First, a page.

In the International Criminal Court’s long-running dispute with Libya on where two senior Gaddafi-era figures should go on trial, the next move will be a decision from the Hague court on whether the national judiciary is capable of trying them.
Saif al-Islam Gaddafi, son of the late Muammar Gaddafi, and former intelligence chief Abdullah al-Senussi are both in custody in Libya, which has so far refused to hand them over to the ICC.
A principle underpinning the ICC and known as “complementarity” requires national court systems to be given the chance to handle cases themselves as long as they are willing and able to do so.
The jury is out on whether that is the case in Libya, a country still in flux as central government attempts to establish nationwide control. The forthcoming ICC decision on Saif al-Islam and Senussi will thus also be a judgement on the Libyan judiciary’s current capacity.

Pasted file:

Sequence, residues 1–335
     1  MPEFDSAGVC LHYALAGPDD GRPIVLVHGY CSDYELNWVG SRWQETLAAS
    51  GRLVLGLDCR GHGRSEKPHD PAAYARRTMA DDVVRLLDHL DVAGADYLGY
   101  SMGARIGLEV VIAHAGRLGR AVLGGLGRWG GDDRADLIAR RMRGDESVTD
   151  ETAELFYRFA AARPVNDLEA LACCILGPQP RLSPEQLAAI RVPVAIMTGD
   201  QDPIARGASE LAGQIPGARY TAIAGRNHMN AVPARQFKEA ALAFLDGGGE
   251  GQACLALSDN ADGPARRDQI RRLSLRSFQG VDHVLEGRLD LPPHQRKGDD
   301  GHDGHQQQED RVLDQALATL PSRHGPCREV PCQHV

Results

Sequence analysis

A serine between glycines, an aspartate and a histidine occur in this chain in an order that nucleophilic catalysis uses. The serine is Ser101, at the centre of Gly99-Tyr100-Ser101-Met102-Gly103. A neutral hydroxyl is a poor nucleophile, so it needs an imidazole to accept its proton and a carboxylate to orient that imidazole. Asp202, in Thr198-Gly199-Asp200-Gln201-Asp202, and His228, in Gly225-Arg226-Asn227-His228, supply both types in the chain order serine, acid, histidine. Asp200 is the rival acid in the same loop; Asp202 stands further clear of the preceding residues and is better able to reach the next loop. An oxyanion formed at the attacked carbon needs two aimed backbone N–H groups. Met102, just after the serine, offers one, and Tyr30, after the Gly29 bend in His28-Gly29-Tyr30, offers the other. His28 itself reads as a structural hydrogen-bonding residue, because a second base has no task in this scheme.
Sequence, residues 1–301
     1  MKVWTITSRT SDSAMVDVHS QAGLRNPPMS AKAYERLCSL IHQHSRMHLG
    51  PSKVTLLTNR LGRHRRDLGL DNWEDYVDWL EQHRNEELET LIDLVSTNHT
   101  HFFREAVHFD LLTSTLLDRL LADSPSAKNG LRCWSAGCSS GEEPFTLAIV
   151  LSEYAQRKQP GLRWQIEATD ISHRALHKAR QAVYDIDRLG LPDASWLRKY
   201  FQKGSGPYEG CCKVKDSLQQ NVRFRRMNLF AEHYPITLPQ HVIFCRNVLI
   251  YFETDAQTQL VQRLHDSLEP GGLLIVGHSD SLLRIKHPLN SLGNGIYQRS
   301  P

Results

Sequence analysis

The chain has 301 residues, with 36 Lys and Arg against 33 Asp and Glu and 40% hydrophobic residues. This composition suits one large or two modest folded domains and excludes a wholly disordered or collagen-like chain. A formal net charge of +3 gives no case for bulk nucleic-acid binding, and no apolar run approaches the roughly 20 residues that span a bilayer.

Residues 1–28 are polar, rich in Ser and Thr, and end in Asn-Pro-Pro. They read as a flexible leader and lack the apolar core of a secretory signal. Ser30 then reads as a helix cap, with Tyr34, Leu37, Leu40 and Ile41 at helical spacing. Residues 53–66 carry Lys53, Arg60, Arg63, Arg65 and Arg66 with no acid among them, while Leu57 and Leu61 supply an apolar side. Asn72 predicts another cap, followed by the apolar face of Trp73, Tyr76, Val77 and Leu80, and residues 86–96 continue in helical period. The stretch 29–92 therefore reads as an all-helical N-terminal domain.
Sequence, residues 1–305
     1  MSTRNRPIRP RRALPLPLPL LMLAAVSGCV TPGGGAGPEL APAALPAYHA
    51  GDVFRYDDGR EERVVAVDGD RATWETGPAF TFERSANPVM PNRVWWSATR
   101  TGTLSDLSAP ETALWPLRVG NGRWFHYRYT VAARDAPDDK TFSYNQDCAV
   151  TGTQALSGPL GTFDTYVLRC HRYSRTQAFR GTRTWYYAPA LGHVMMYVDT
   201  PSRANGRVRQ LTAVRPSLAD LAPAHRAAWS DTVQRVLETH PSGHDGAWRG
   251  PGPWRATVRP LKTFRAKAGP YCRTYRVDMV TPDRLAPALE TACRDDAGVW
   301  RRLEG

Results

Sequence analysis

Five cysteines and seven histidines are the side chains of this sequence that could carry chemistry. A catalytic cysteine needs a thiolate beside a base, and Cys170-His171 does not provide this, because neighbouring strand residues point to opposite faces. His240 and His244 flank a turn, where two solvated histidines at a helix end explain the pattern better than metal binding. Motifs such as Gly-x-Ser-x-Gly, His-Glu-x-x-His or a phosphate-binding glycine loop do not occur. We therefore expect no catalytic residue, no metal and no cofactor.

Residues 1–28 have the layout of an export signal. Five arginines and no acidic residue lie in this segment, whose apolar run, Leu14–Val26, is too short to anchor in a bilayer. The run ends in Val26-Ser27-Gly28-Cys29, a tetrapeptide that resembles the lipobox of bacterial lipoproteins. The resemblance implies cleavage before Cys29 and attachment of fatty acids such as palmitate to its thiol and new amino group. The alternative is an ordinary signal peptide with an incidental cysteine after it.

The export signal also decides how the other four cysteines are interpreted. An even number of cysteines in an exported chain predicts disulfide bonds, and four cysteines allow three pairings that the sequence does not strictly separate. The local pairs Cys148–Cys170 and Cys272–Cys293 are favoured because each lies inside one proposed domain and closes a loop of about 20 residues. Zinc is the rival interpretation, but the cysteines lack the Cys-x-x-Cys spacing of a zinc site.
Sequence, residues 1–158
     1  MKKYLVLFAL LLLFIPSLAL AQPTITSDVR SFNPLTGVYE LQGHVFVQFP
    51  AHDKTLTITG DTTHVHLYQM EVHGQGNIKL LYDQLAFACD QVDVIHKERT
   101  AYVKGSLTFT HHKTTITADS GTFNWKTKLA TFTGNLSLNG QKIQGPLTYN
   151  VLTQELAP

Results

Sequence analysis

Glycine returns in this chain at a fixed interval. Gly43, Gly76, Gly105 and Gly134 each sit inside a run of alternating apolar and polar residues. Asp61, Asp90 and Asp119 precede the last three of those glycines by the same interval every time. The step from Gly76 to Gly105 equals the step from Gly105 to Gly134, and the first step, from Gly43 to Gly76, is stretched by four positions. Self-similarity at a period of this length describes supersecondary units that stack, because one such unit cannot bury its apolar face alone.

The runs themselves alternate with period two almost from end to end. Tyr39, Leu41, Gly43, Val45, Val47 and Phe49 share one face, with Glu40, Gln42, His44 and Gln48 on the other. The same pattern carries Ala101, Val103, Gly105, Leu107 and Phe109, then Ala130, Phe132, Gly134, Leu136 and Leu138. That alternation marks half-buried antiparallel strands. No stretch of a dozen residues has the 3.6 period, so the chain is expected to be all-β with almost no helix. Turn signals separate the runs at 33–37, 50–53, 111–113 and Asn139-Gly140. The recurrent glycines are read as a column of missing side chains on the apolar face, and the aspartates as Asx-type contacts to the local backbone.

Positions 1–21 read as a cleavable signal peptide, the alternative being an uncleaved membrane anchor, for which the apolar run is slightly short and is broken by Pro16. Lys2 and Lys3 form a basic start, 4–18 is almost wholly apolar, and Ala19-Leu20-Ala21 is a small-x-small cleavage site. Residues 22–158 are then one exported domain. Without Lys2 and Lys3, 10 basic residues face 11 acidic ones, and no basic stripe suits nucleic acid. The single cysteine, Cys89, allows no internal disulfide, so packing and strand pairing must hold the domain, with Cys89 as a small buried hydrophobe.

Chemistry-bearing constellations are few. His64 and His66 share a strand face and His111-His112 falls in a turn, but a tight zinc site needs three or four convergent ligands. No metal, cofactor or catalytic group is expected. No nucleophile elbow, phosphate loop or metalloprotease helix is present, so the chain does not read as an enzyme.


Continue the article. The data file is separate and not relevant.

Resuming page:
Whatever happens in the case of these two high-level figures, there are plenty more who will come before Libyan courts. But is the system in any shape to conduct the complex investigations and prosecutions required to deal with crimes on such a massive scale?
Tripoli has been keen to show that it is able to prosecute Gaddafi’s officials for crimes that took place during the 2011 revolution, and a number of senior figures are under investigation.
Despite the ICC’s extradition request, Saif al-Islam is due to go on trial in May, although it is unclear what offences he will be accused of (see below).